Are we spoiled?
An interesting question has been poised this week, not really in that way, but that is the essence of the question. The real topic being explored is what has been accomplished? Like I said it is really a being posed as a dual edge discussion what has been accomplished and given all that has been accomplished are we spoiled?
So let’s look at the first part of that question. What has been accomplished? The answer is more than anyone could have reasonable predicted even in the 1990’s. Here are a few accomplishments:
1. Standard measure for units of insulin,
2. At home testing for blood sugar,
3. Almost universal availability of effective type 2 drugs,
4. A heavy emphasis on developing new type 2 drugs,
5. Insulin pumps,
6. Sterile syringes, and
7. The rise of Endocrinology and Certified Diabetic Educator as professions
The thing is every one of those accomplishments is in and of themselves revolutionary. Take for instance the standard measure of insulin units. Do we realize there was a day prior to 1950 that one unit of insulin depended on which insulin manufacture we used and which syringe we had? We hear the common complaint today that diabetes is really a math problem. I agree that diabetes is a math problem, especially for those who use a syringe for control. Today we first determine the amount of carb being consumed then they convert that too insulin units to administer. However, toss in calculations for the insulin being used and the syringe (as done in pre 1950) and you have something akin to a calculus problem at the dinner table. Without standardization we would not have carb based insulin dosing and likely no insulin pumps, or if we did we have to choose the pump based starkly on insulin availability, something that many of us know changes often.
How about the recent emphasis on type 2 drugs? Wow what a turn around. The new drugs being developed are remarkable both for their diversity of approach and the sheer number of new products. I entered the search term type 2 drugs. I got a list of over 100 drugs available for treating type 2 Diabetes. Several of these drugs are not commonly used, but many (about 15) are first line drugs. I cannot think of many chronic diseases with more options for treatment than are available for type 2 diabetes. This is a stark difference from the 1990’s when the main prescription for type 2 diabetics was to eat less. We have come a long way in a short time, That doesn’t mean we have done enough, but compared to where we were in the 1990’s we are so much better off.
How about sterile plastic syringes? We have several people in our community who will remember the problems with sterilizing syringes between uses. What a mess. The invention of plastic disposal syringes has led to the development of the pump, universal access to insulin and thin gauge smaller needles. Sterile single use disposable syringes were a technical revolution like few others for people with diabetes. It is a remarkable accomplishment we take for granted today. Yet in its day it completely revolutionized care of diabetes. If you take multiple daily injections, you do so because of sterile disposable syringes. Without sterile disposable syringes few could have that treatment option. Without multiple daily injections it is doubtful a pump would have ever been approved.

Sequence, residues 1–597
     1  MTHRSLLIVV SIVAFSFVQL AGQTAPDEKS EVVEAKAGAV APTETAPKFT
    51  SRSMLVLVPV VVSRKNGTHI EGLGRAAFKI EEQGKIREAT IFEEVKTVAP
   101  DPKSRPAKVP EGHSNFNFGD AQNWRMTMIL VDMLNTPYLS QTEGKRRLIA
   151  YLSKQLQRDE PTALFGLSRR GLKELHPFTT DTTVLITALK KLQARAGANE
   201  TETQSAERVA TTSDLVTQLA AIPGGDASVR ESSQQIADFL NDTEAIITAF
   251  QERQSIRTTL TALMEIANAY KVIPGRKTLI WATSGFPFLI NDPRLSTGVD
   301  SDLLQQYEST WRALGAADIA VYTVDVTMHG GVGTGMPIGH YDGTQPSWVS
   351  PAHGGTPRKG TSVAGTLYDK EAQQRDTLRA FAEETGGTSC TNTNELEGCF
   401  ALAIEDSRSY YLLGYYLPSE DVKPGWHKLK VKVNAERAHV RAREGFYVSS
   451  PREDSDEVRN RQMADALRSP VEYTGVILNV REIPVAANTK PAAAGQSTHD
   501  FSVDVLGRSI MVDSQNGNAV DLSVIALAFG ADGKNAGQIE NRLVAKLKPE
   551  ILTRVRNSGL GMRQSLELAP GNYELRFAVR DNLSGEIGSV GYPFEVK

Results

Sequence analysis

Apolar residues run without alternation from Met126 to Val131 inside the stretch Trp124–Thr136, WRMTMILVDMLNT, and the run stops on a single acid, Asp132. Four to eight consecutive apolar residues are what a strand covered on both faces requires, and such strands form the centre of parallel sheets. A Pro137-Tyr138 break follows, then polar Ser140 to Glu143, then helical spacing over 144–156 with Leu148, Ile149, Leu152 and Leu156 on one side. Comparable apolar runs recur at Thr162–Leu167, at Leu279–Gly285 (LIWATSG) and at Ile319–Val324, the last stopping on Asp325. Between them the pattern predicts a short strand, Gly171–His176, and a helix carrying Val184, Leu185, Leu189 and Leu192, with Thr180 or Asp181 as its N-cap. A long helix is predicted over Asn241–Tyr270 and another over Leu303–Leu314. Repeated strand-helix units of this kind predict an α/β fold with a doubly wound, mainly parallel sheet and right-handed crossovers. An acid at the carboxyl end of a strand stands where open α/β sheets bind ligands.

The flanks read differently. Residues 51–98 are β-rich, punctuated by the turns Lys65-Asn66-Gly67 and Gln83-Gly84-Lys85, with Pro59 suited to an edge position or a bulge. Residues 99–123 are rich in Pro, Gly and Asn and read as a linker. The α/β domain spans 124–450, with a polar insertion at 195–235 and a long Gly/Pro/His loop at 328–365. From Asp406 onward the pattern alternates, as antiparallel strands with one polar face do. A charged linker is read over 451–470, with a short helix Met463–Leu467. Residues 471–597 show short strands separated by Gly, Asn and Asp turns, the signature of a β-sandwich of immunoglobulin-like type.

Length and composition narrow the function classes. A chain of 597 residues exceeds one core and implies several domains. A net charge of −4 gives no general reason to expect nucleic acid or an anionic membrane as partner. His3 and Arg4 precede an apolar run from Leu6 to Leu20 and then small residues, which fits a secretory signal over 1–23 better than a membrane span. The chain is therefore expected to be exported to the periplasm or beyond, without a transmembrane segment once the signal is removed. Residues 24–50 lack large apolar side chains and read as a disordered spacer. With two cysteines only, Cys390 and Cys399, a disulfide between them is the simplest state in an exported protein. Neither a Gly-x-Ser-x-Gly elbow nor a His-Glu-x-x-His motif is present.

All this come to the unsaid point of the look back efforts. Are we spoiled? Well yes I would say we are. We are spoiled because we (me included) take these innovations for granted today. We want more innovation and we want it quicker. But, we often fail to remember how far we have come and the struggles we had getting here. It is a remarkable journey we have been on. So much ground has been covered, but it has taken a long time. Our innovations are small steps on a long road. We all want a big breakthrough and we all seem to define success differently. I can guarantee that in its day uniform insulin units seemed a far off goal. Today we hardly remember that was ever an issue.
Perhaps our lesson is that we need to celebrate our small successes. Each small success is like a brick being added to a path. Think of that path being the ultimate cure for diabetes. No one could have ever built the path all at once. Instead it will be built one brick at a time. So are we spoiled? I know I am. I often fail to give thanks for the things already accomplished. I just have to remind myself that the path to the cure will be built one brick at a time. It will take all the bricks, even the ones that ultimately lead nowhere, to build the path that will get us to the cure. We also have to remember the term cure is a moving target. My cure is likely your milestone and vice versa. It pays to remember the milestones while we push forward.